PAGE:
EGU General Assembly 2020
© Author(s) 2022. This work is distributed under
the Creative Commons Attribution 4.0 License.

Drivers of stable water isotope variability in the cold and warm sector of extratropical cyclones from two case studies in the Southern Ocean

Iris Thurnherr1, Franziska Aemisegger1, Lukas Jansing1, Katharina Hartmuth1, Josué Gehring2, Stephan Pfahl3, Maxi Böttcher1, Alexis Berne2, and Heini Wernli1
Iris Thurnherr et al.
  • 1Institute for Atmospheric and Climate Science, ETH Zurich, Switzerland (
  • 2ENAC-LTE, EPF Lausanne, Switzerland
  • 3Institute of Meteorology, Freie Universität Berlin, Berlin, Germany

Dynamical processes in the atmosphere strongly influence the large temporal and spatial variability of the atmospheric branch of the water cycle. For instance, the advection of air masses by synoptic-scale weather systems induces air-sea moisture fluxes such as evaporation, precipitation and dew deposition. It is important to better investigate and quantify this linkage between dynamical phenomena and details of the atmospheric water cycle. In addition, one of the big challenges in monitoring the atmospheric water cycle is the measurement of turbulent moisture fluxes over the ocean. Stable water isotopes (SWIs) serve as a tool to trace atmospheric processes which shape the atmospheric water cycle and, thus, provide important insights into moist processes associated with weather systems, in particular air-sea fluxes.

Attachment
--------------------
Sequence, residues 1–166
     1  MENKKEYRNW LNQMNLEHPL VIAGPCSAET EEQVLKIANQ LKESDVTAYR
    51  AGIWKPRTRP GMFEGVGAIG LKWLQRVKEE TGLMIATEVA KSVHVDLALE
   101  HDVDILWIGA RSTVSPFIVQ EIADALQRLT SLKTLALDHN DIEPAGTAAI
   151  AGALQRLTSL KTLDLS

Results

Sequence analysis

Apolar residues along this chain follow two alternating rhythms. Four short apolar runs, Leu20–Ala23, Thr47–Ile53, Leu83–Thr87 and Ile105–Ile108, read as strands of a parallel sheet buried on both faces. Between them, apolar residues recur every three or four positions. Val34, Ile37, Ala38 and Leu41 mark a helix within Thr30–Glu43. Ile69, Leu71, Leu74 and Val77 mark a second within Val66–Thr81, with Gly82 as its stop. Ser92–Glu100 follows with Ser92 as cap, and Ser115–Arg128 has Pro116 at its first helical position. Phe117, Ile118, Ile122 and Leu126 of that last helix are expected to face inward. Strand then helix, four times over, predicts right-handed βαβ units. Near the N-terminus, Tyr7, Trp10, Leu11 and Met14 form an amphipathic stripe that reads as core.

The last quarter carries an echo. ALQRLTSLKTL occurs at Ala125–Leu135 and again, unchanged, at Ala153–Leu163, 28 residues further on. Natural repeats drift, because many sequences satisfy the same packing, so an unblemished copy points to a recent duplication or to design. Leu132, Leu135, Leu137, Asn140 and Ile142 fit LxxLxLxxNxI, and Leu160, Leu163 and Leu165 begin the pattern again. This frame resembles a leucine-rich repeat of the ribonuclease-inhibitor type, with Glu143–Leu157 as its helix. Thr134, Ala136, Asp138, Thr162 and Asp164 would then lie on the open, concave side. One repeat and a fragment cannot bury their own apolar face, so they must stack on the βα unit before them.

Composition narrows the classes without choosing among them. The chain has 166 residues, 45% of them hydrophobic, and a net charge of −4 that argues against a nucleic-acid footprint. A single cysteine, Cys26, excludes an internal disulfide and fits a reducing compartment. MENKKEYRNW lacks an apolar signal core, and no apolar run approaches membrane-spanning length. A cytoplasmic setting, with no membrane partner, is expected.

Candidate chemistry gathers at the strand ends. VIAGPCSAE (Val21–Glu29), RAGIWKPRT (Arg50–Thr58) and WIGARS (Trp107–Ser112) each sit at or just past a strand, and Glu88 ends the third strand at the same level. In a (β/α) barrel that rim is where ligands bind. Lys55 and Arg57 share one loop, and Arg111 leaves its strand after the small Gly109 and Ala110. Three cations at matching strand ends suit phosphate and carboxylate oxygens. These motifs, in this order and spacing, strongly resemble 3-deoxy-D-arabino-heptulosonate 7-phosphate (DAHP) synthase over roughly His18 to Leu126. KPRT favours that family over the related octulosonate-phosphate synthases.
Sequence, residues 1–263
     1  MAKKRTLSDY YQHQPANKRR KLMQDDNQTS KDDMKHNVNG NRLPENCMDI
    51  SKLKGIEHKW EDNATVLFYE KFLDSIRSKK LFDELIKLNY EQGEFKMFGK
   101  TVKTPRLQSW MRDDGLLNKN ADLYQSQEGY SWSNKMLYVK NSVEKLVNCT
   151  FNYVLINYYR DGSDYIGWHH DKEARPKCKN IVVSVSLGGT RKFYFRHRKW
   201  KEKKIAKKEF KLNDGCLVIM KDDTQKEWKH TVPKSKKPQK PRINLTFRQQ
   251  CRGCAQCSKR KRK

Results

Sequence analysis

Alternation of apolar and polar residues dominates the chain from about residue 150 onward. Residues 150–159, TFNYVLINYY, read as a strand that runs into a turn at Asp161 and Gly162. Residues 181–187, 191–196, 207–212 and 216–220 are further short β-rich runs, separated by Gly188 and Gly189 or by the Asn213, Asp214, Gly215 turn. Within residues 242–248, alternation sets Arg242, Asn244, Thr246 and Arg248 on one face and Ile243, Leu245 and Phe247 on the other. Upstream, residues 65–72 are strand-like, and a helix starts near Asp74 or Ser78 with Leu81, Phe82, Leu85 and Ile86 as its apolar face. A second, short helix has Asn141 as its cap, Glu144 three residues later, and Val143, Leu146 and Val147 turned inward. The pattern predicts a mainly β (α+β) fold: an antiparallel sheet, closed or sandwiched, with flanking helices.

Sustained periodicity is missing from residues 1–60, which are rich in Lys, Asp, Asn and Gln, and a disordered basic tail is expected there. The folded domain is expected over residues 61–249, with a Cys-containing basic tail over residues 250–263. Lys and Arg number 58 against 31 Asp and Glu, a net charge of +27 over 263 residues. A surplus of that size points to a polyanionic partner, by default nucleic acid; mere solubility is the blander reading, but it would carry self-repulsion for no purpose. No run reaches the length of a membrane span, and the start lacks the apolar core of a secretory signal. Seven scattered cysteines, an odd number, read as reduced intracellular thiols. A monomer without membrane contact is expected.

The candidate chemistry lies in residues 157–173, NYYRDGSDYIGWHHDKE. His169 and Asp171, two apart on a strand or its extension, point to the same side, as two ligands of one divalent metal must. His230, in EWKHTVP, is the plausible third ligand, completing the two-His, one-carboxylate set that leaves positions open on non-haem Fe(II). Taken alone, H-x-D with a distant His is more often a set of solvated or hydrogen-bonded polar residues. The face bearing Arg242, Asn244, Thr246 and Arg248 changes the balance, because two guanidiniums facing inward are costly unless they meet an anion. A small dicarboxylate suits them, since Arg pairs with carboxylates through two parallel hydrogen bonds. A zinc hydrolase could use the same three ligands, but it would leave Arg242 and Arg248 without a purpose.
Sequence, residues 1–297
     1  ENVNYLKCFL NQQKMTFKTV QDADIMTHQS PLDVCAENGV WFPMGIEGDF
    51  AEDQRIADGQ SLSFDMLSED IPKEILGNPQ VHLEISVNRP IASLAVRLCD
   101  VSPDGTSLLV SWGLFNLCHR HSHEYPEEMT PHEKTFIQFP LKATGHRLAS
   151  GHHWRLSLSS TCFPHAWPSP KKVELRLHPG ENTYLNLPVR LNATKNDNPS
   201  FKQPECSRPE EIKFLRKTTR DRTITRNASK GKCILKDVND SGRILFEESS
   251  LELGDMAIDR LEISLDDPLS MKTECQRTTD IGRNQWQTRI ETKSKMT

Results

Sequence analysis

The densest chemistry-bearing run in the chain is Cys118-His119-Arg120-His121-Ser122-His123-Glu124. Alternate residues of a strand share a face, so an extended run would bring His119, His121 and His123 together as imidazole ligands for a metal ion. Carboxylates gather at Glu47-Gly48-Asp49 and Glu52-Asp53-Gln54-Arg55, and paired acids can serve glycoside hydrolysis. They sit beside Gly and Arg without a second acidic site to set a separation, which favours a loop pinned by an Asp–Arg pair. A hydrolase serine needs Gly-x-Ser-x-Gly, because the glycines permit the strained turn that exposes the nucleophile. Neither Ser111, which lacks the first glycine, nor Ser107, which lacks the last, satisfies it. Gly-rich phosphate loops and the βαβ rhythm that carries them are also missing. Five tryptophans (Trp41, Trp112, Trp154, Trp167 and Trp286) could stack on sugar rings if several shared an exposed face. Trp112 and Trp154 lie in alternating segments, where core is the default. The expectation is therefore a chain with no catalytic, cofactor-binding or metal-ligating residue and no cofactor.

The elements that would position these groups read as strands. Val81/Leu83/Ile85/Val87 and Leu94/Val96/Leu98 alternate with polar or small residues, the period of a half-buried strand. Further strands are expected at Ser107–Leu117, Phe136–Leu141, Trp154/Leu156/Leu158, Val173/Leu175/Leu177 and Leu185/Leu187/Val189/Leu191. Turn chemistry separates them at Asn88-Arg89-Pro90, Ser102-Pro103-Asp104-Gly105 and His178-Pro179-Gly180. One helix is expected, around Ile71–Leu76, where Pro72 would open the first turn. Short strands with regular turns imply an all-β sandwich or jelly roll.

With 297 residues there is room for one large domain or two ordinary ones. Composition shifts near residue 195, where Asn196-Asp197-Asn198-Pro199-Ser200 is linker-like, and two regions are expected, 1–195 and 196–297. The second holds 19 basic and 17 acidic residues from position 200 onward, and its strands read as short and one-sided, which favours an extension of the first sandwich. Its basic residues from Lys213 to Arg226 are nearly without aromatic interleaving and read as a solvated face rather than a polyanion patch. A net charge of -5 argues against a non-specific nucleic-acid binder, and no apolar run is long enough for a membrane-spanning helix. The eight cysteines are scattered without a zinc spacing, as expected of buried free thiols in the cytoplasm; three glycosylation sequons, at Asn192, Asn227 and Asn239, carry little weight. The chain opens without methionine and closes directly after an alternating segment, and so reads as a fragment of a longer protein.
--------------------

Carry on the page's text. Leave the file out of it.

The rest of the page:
In this study, we investigate the impact of air-sea moisture fluxes on the variability of SWI signals in the marine boundary layer. Measurements of the second-order isotope variable deuterium excess in the marine boundary layer of the Southern Ocean show positive/negative anomalies in the cold/warm sector, respectively, of extra-tropical cyclone due to opposing moisture fluxes and non-equilibrium fractionation processes in the two sectors. The drivers of these contrasting SWI signals are analysed using the isotope-enabled Consortium for Small-Scale Modelling model for two case studies. The simulated isotope signals during the case studies show excellent agreement with ship-based isotope measurements from the Southern Ocean performed during the Antarctic Circumnavigation expedition in January and February 2017.

The main driver of SWI variability in the cold sector is enhanced ocean evaporation which substantially modifies the advected SWI signal from the Antarctic continent during a cold air outbreak. In the warm sector, dew deposition on the ocean surface and cloud formation are mainly driving the observed negative deuterium excess anomaly, which can be conserved and advected over several 100 km in the warm sector of an extratropical cyclone.

The results of this study illustrate the strong dependence of the isotopic composition of water vapour in the marine boundary layer on the predominant atmospheric large-scale flow situation. In particular in the storm track regions, the variability of SWIs in marine boundary layer water vapour is largely shaped by the sign and strength of air-sea fluxes induced by the meridional transport of air masses.

How to cite: Thurnherr, I., Aemisegger, F., Jansing, L., Hartmuth, K., Gehring, J., Pfahl, S., Böttcher, M., Berne, A., and Wernli, H.: Drivers of stable water isotope variability in the cold and warm sector of extratropical cyclones from two case studies in the Southern Ocean, EGU General Assembly 2020, Online, 4–8 May 2020, EGU2020-13001,, 2020.


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